Before Broadcasting Satellite

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  • #18512
    e_dawg
    Participant

    Before broadcast satellite, how did tv and radio stations pick up live network feed back in the day. How did KATU, KOIN, KGW, pick up network feeds from New York, and how did radio back the days (KGW 620, KOIN 970, KEX 1190, etc) pick up radio network news back then?

    #18515
    Dxer1969
    Participant

    Teletypes, I believe. KNX had several.

    #18516
    QPatrickEdwards
    Participant

    They used special long distance telephone company circuits.

    #18517
    jr_tech
    Participant

    Much information here about AT&T “Long Lines”, which linked coast to coast tv radio and telephone before satellites:
    http://long-lines.net/places-routes/

    #18521
    Andy Brown
    Participant

    Immediately preceding satellite delivery, the major radio and television networks leased bandwidth on primarily point to point microwave relays to get across the country and up and down the two coast lines. Some AT&T long line circuits (coaxial) were used to reach some markets where microwave was not possible and to carry higher bandwidth feeds to broadcasters (sort of like the ‘last mile’). These microwave networks were put in place starting after the 2nd World War by AT&T using technology developed in the military. I believe most of this service was at 6 GHz. which was later also used by C band uplinks. When the networks moved to satellite (1980’s), AT&T long lines and microwave networks continued to carry their own network (phone call) traffic as well as continued to serve other bandwidth demanding clients. What put the microwave and long lines into the obsolete category was the growth and affordability of fiber optics. Many of their towers are still standing (four legged with broad faces on all sides) but the 6 GHz horns are often removed for more modern equipment. The old 6 GHz horns were huge, as big as a full size automobile. Radio networks were using long line coaxial feeds for years before there even were TV networks or video signals anywhere but in the lab. AT&T Long Lines, in fact, was founded in 1880.

    http://www.wired.com/2015/03/spencer-harding-the-long-lines/

    #18524
    QPatrickEdwards
    Participant

    Fantastic detailed explanation, Andy!

    #18529
    jr_tech
    Participant

    While many of the sites have been retrofitted or scrapped, don’t the old C band sugar scoops still reside on the tower at 9th and Burnside? If so, Are they still being used for local links, like perhaps the link to Stacker butte?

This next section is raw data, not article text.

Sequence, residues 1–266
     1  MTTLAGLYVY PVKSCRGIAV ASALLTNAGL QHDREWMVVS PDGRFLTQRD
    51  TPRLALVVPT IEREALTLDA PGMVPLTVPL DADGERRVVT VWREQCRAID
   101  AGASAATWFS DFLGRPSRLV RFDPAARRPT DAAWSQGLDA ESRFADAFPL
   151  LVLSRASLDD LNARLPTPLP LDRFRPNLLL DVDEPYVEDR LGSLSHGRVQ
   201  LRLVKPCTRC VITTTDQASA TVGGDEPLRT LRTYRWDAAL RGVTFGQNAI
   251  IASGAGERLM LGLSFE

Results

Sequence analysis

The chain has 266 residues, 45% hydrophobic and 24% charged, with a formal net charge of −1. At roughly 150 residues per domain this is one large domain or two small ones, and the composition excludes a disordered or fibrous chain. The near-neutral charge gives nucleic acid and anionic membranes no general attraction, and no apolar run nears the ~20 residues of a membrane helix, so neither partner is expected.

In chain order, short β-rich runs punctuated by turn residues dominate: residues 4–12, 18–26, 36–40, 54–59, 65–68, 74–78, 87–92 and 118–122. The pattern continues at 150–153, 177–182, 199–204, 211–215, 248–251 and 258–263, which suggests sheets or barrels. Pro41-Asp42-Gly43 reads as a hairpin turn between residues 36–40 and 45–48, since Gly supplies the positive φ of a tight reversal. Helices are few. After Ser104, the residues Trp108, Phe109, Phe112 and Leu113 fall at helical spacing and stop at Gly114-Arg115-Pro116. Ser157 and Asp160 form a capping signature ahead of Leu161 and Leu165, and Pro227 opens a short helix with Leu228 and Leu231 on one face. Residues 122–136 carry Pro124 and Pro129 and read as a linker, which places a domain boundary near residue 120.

#18532
    Andy Brown
    Participant

    Thanks, QPE.

    jr tech, the horns are still downtown (https://goo.gl/maps/g4CbxrCRPiE2). On Saturday, I was shopping downtown and found myself heading north on SW 12th and noticed that they are still there, however it is unclear if all of the horns still have a clear path. I know the switch that used to be up on Livingston Mtn. in Clark County is no longer in use, that is to say the AT&T square tower is there with a weather radar dome on it (https://goo.gl/maps/p9Wjt2Jcz7n).

    #18535
    Andy Brown
    Participant

    This 1976 map shows the microwave and long lines in Oregon. With Livingston Mtn. out of the circuit, it’s unclear if any of the eastward hops it fed would still be illuminated.

    http://long-lines.net/places-routes/maps/OR76.html

    #18541
    jr_tech
    Participant

    A sad collection of sugar scoop horn antennas

    #18570
    Broadway
    Participant

    In the 80’s I heard about up and coming networks using subcarriers on “super” TV cable channels that were on in different markets to distribute their audio.

    #18571
    Alfredo_T
    Participant

    ^^^
    The MTS analog TV standard had an audio subcarrier at 102.271 kHz called the “PRO” channel. This was a one-way audio channel meant to be used in a similar way to how FM stations used SCA.

    [One interesting fact that I did not realize until very recently is that in MTS TV, all of the subcarriers were broadcast by frequency modulating the video subcarrier, not the audio subcarrier. The 4.5 MHz intercarrier sound detector used in virtually all TVs would contain the combination of the mono audio and the subcarriers because it is demodulating the difference between the two carrier frequencies.]

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